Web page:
Rare is the person who is truly self-aware. Rarer still the celebrity.
And even, er, rarerer is the celebrity who’s fame and fortune rests on a term that is used just as often as a pejorative as it is a descriptor: Boy band.
But speaking with Carlos Pena Jr. from Nickelodeon musical vehicle Big Time Rush, there’s a sense that he knows what he and his three co-stars are in the middle of — he uses the boy band label without flinching — even if he didn’t know what he was getting into.
“It’s been a crazy four years, and we definitely have a couple more ahead of us.”
Those crazy four years have seen Pena riding a consumer juggernaut, built around the made-for-TV, Monkees-esque premise of four young hockey players who become members of a, yes, boy band, after being discovered, and their comic adventures are intercut with musical montages. It is now one of the highest-rated kids shows on cable (it airs in Canada on YTV), and a musical act that has sold millions of albums and toured the world, including a current Canadian jaunt to support their latest album Elevate, which brings them to Calgary Friday for a Saddledome show.
For Pena, who plays the eternally hockey-helmeted, nice but not-so-bright guy Carlos Garcia, Big Time Rush is a somewhat but not complete divergence from the path he was originally on and one that, ultimately, could help him get further down it.
“My passion was always musical theatre and I went to school, the Boston Conservatory, for a year, and that was kind of where my life was headed. I had a full scholarship there and I was super-stoked and then this kind of came out of nowhere,” he says of the role he had to be encouraged to audition for.
“In a sense, it’s what I want to be doing; I mean, I still get to perform live in front of a lot of people every single night, if not more people than I would on Broadway. But I still have those goals and plan to chase them as soon as Big Time Rush is over.
“To me it’s all about building a career. I always told myself, if I could make a living of singing and dancing for people, and support a family, that’s the coolest thing. And this is just part of it. I’m trying to make a name for myself and hopefully go on to do movies and do Broadway, and who knows,” he says presumably only half-jokingly, “maybe a Big Time Rush reunion tour when we’re all 40.”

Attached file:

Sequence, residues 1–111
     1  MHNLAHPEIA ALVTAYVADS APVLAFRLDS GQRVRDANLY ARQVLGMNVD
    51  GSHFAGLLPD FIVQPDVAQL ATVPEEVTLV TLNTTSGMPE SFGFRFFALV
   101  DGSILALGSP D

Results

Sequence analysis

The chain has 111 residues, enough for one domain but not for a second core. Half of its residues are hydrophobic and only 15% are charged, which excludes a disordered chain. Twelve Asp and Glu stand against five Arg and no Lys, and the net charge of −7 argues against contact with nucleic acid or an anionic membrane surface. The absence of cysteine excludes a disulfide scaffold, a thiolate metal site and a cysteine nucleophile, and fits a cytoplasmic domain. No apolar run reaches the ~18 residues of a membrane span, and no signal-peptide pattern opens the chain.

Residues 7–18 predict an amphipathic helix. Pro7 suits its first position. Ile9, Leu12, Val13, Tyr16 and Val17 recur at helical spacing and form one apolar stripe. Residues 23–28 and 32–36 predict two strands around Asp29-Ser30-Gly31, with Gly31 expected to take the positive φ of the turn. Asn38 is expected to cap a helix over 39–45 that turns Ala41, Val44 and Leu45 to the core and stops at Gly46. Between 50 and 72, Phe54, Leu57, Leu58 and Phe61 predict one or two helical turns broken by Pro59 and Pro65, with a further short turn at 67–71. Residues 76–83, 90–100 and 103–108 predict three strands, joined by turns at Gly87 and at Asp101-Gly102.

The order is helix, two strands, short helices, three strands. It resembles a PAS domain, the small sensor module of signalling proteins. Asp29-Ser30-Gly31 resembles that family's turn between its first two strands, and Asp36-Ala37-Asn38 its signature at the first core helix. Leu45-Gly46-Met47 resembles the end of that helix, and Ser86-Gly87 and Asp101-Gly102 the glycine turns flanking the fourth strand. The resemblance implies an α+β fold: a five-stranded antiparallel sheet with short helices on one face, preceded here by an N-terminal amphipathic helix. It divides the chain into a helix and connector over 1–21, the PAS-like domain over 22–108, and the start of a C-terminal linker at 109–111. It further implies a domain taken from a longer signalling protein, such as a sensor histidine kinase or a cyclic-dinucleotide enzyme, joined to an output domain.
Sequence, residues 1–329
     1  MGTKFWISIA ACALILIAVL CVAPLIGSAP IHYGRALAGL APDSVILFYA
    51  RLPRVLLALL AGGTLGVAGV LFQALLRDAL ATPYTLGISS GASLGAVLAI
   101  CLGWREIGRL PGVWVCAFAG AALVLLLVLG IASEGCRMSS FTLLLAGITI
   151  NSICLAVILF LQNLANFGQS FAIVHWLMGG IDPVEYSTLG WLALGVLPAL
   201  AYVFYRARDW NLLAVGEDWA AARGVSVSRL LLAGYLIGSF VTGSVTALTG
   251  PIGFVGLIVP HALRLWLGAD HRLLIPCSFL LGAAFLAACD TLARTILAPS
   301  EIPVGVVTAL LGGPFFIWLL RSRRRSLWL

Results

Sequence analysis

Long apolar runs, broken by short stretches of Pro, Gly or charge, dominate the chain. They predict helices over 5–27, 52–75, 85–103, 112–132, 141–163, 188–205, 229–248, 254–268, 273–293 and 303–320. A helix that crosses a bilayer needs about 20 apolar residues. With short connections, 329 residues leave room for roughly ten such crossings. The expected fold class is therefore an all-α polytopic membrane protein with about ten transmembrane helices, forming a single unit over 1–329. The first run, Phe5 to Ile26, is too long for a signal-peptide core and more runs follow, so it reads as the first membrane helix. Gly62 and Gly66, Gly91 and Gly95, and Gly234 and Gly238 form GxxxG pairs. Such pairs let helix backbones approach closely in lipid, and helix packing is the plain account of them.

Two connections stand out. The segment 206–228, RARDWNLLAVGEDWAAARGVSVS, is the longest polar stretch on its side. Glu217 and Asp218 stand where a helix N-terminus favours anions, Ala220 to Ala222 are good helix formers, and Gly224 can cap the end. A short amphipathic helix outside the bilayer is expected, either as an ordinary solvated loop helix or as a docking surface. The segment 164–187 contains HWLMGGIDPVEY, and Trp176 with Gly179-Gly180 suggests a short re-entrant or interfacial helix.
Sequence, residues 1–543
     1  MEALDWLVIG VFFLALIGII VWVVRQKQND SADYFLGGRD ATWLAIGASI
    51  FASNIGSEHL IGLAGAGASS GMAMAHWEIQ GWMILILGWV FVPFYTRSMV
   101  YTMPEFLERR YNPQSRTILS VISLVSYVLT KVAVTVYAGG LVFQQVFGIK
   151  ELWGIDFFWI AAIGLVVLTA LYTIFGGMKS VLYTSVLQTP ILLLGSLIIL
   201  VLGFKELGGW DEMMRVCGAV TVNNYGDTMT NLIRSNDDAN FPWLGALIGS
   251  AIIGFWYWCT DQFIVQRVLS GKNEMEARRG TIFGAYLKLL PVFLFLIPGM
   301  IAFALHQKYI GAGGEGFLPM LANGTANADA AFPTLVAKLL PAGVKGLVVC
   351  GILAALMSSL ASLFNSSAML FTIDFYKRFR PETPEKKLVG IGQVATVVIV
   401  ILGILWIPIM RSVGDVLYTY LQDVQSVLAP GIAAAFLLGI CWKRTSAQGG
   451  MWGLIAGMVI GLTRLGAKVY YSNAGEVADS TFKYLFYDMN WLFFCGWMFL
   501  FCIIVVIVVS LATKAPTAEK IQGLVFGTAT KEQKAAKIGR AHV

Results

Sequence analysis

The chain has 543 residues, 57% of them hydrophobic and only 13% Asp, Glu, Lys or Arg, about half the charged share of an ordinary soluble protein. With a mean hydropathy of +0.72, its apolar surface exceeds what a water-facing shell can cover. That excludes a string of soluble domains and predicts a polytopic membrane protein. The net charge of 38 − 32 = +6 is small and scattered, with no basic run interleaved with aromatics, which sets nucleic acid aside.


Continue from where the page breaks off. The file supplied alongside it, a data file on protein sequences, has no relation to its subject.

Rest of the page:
Still, Pena’s self-aware enough to know that as much as Big Time Rush has furthered his career, it also may have brought with it some limitations. Playing such a high-profile role for a lengthy period of time has a way of affecting both industry and public perception of who you are and what you’re capable of.
Add into the fact that you’re part of what is, in essence, a fad that appeals to one specific demographic (i.e. girls) who will eventually, presumably, grow older and/or move on to the next big thing (or, more appropriately, in another One Direction), that paints you into an even smaller corner.
Again, it’s something that Pena has obviously pondered but has no problem rationalizing.
“Of course,” he says candidly. “There’s always that in the back of the head: ‘You know what, how will (people) take me seriously. I’m in a boy band, I’m on Nickelodeon, blah-ta-blah-ta-blah.’ But we try and make it as real as we can. I mean, we sing live every night, so sometimes it doesn’t sound that great but that’s us singing live. Not everyone’s perfect, not every song is going to be on the money. And no one considers themselves dancers. We had to learn how to do all this stuff.
“So, yes, it’s contrived in a sense, because they found us on Nickelodeon, they made the band, and then the TV show came and then the music started taking off, but we still try and make it as real as it can be.
“All four of us love what we do and, to me, I think it shows.”
As for how long the wave will last, right now, it’s still a lucrative enough prospect that despite earlier plans to wind things down after this tour Pena and the other three — Kendall Schmidt, Logan Henderson and James Maslow — have been enlisted for at least another couple of years. Now, instead of getting on with a post-Rush career, they’ll quickly regroup, film another 16 episodes of the series, perhaps release another album and, more than likely head out on another tour.
The commitment is one that Pena made willingly, but also aware of the fact that there eventually will be an expiration date.
“It’s funny, I thought it was going to be over once this summer ended. When we wrapped last season, they tore the pool down, we said goodbye, we had our cast and crew party, and this tour was supposed to be the last hurrah,” he says. “And then with the success of the third season … and the summer tour sales, they were like, ‘Well, let’s do it for another year.’ We got word about a month ago about a fourth season, and we were like, ‘OK, well, why not?’ … If the music is right and the fans are there, they’re going to keep growing with us, so, it’s all part of the fun.”
And, not surprisingly he says his future won’t be limited by holding onto a life and fame that once was, and an appearance on, say, Celebrity Rehab in an attempt to reclaim it.
“I hope not,” Pena laughs. “That’s not my plan.”